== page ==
• Announcements

    • khawk

      Download the Game Design and Indie Game Marketing Freebook   07/19/17

      GameDev.net and CRC Press have teamed up to bring a free ebook of content curated from top titles published by CRC Press. The freebook, Practices of Game Design & Indie Game Marketing, includes chapters from The Art of Game Design: A Book of Lenses, A Practical Guide to Indie Game Marketing, and An Architectural Approach to Level Design. The GameDev.net FreeBook is relevant to game designers, developers, and those interested in learning more about the challenges in game development. We know game development can be a tough discipline and business, so we picked several chapters from CRC Press titles that we thought would be of interest to you, the GameDev.net audience, in your journey to design, develop, and market your next game. The free ebook is available through CRC Press by clicking here. The Curated Books The Art of Game Design: A Book of Lenses, Second Edition, by Jesse Schell Presents 100+ sets of questions, or different lenses, for viewing a game’s design, encompassing diverse fields such as psychology, architecture, music, film, software engineering, theme park design, mathematics, anthropology, and more. Written by one of the world's top game designers, this book describes the deepest and most fundamental principles of game design, demonstrating how tactics used in board, card, and athletic games also work in video games. It provides practical instruction on creating world-class games that will be played again and again. View it here. A Practical Guide to Indie Game Marketing, by Joel Dreskin Marketing is an essential but too frequently overlooked or minimized component of the release plan for indie games. A Practical Guide to Indie Game Marketing provides you with the tools needed to build visibility and sell your indie games. With special focus on those developers with small budgets and limited staff and resources, this book is packed with tangible recommendations and techniques that you can put to use immediately. As a seasoned professional of the indie game arena, author Joel Dreskin gives you insight into practical, real-world experiences of marketing numerous successful games and also provides stories of the failures. View it here. An Architectural Approach to Level Design This is one of the first books to integrate architectural and spatial design theory with the field of level design. The book presents architectural techniques and theories for level designers to use in their own work. It connects architecture and level design in different ways that address the practical elements of how designers construct space and the experiential elements of how and why humans interact with this space. Throughout the text, readers learn skills for spatial layout, evoking emotion through gamespaces, and creating better levels through architectural theory. View it here. Learn more and download the ebook by clicking here. Did you know? GameDev.net and CRC Press also recently teamed up to bring GDNet+ Members up to a 20% discount on all CRC Press books. Learn more about this and other benefits here.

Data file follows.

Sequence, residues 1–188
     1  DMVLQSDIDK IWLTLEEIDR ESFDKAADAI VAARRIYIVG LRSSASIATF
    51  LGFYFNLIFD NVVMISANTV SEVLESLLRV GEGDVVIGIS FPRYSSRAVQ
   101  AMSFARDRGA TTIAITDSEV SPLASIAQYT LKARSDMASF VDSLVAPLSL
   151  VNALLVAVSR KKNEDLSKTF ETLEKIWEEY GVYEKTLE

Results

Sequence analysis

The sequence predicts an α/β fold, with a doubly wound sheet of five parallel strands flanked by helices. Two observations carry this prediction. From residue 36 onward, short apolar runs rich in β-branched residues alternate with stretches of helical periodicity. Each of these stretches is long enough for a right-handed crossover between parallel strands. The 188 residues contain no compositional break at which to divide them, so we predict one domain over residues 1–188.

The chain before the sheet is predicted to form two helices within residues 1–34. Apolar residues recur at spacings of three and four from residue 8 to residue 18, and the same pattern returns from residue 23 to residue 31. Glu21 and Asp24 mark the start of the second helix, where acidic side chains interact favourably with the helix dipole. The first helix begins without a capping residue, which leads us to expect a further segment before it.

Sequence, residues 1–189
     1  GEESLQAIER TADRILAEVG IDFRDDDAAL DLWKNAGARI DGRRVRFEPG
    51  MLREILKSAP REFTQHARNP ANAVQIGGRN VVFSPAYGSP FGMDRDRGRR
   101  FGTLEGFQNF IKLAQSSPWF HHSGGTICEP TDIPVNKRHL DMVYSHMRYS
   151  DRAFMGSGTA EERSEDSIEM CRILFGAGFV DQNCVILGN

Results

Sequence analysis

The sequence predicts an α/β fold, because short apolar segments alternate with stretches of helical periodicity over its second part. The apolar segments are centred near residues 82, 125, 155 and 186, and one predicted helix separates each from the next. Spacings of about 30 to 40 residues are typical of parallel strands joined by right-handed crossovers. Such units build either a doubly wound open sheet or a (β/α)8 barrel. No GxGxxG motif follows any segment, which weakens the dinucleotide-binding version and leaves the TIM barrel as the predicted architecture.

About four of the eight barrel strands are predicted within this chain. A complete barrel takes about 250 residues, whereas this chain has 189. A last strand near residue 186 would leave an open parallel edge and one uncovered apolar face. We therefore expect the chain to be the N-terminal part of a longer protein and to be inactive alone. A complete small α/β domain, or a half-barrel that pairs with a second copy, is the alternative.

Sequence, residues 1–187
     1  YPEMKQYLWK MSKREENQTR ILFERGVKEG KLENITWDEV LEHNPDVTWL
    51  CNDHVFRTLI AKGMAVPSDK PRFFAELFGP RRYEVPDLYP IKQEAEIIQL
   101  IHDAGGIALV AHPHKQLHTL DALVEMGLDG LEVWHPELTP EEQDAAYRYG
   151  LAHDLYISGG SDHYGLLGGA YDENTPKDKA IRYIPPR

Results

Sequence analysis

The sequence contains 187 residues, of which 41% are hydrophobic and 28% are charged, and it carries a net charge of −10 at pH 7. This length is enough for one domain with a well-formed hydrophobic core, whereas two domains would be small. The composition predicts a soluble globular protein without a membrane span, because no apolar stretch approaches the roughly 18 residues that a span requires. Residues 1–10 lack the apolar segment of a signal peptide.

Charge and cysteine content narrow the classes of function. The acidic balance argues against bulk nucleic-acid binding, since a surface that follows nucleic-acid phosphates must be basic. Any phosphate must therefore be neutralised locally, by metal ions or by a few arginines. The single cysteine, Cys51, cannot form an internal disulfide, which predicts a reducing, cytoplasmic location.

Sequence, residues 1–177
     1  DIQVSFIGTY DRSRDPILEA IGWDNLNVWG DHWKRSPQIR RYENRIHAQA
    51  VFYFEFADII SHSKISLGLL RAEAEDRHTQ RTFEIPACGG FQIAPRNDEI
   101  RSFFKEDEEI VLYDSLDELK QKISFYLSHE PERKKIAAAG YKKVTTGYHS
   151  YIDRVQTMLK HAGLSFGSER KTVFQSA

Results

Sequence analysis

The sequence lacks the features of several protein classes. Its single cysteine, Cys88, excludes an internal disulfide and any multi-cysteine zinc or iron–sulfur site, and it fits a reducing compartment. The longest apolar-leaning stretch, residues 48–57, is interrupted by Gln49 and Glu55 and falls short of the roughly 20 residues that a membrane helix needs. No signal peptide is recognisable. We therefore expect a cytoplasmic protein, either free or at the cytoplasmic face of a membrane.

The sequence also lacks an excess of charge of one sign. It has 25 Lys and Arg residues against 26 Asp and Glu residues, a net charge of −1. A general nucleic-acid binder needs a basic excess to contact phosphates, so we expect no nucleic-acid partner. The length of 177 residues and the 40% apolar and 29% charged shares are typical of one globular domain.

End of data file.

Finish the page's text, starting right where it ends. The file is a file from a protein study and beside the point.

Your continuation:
TwoD

Members
  • Content count

    2
  • Joined

  • Last visited

Community Reputation

122 Neutral

About TwoD

  • Rank
    Newbie